Kiritimati atoll is a unique place – here, major European cities or entire countries become tiny hamlets, and where you might find that Paris is abandoned, 235 people live in Poland and London has about 1829 inhabitants. This remote Pacific island, where the seafarer James Cook and his crew celebrated Christmas back in 1777, is quite literally in deep waters. It has a land area of 321 square kilometres, and a lagoon roughly 324 square kilometres. If current forecasts prove accurate, climate change and the consequent rise in sea levels in the Pacific could mean the disappearance of the island state of Kiribati and the island of Kiritimati by around 2070. Viewed through the 'eyes' of the German Aerospace Center's (Deutsches Zentrum für Luft- und Raumfahrt; DLR) TerraSAR-X radar satellite, orbiting at an altitude of over 500 kilometres, the atoll looks like a porous, fragile structure.
When James Cook anchored there in 1777 and named the atoll 'Christmas Island', it was still uninhabited. Today, about 5100 people live on Kiritimati – out of a population of roughly 102,000 in the entire island state of Kiribati with its more than 30 atolls and archipelagos. If one takes its expanse as the basis of calculation, the Republic of Kiribati is among the largest countries in terms of the area it occupies. However, its actual land area of just 811 square kilometres places it firmly in the group of microstates.
A view from space
The radar satellite TerraSAR-X is particularly capable of imaging this type of location from space: "The areas located above water are particularly good at reflecting the radar signals back to the satellite," explains Stefan Buckreuß, Mission Manager at the DLR Microwaves and Radar Institute. In the radar images shown here – acquired on 30 November 2013 – these areas are discernible as a light-coloured frame stretching round the lagoon of St Stanislas Bay on the Kiritimati atoll. The differing green and yellow colours indicate differences in the roughness of the land surface. "The areas in yellow are particularly rough – so they could be rock formations, trees or even man-made structures."
In contrast, the calm waters of the lagoon are visible in dark green – a sign that the ocean is particularly smooth, as the signals are mainly reflected away from the satellite with only weak returns being received. Such surfaces appear dark in radar images; however, the slightly smudged lines along the coast clearly show that the Pacific is anything but quiet around the outer reaches of the atoll. The motion of the spray flying through the air as the breakers pound the coast prevents TerraSAR-X from imaging this area.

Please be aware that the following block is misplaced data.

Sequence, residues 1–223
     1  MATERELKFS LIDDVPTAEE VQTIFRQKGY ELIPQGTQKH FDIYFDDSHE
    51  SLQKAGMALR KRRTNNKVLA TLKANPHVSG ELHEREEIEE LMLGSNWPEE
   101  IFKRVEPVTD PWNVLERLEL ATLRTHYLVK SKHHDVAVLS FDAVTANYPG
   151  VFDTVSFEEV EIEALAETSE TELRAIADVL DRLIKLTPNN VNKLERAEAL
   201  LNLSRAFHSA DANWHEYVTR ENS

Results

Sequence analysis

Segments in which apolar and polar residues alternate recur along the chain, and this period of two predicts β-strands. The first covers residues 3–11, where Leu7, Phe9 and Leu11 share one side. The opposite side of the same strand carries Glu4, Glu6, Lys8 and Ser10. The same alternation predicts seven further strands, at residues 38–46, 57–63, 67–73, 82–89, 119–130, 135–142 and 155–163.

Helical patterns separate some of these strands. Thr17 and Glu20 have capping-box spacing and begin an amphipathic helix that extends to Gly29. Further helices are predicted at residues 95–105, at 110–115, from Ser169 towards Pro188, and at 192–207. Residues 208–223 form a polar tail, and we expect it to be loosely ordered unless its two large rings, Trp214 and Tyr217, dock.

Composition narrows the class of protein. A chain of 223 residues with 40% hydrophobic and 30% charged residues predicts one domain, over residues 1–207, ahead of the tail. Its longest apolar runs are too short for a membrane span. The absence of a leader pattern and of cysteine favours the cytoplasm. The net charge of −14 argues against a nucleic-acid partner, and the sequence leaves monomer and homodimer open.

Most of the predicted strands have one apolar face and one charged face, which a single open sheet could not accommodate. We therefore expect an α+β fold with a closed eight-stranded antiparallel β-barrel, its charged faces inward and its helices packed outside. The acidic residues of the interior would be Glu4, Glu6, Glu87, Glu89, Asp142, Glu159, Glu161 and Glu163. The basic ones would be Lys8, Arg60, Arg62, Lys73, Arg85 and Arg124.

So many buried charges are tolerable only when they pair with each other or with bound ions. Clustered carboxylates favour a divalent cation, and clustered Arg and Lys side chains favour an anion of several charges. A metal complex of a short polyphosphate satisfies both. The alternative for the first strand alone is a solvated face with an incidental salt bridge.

Seafarers, fish and satellite missions
Besides selling fishing rights, the Germans, who set up a seafaring college in the capital city of South Tarawa back in 1967, represent the island state of Kiribati’s primary source of foreign exchange. German shipping corporations provide the teachers and also run an agency for Kiribati sailors. More than 1000 islanders currently work on German merchant ships and remit part of their wages back home. Apart from copra – dried coconut kernels – Kiribati exports fish, shark fins and seaweed, but its location close to the equator also makes it interesting for space missions. The Sea Launch service launches satellites for customers such as Eutelsat and Intelsat from the region around Christmas Island – from a converted ocean drilling rig.
The inhabitants of Kiritimati are among the first each year to celebrate Christmas Day – the island state of Kiribati is closest to the International Date Line. The chain of islands, which stretch over 5000 kilometres, introduced a diversion into the date line when it was adjusted on 1 January 1995 to ensure that the islands do not straddle it.
The TerraSAR-X mission
TerraSAR-X is the first German satellite manufactured under what is known as a Public-Private Partnership between the German Aerospace Center (Deutsches Zentrum für Luft- und Raumfahrt; DLR) and Astrium GmbH in Friedrichshafen. The satellite travels around the Earth in a polar orbit and records unique, high-quality X-band radar data about the entire planet using its active antenna. TerraSAR-X works regardless of weather conditions, cloud cover or the absence of daylight and is able to provide radar data with a resolution down to one metre.
DLR is responsible for using TerraSAR-X data for scientific purposes. It is also responsible for planning and implementing the mission as well as controlling the satellite. Astrium built the satellite and shares the costs of developing and using it. Infoterra GmbH, a subsidiary company founded specifically for this purpose by Astrium, is responsible for marketing the data commercially.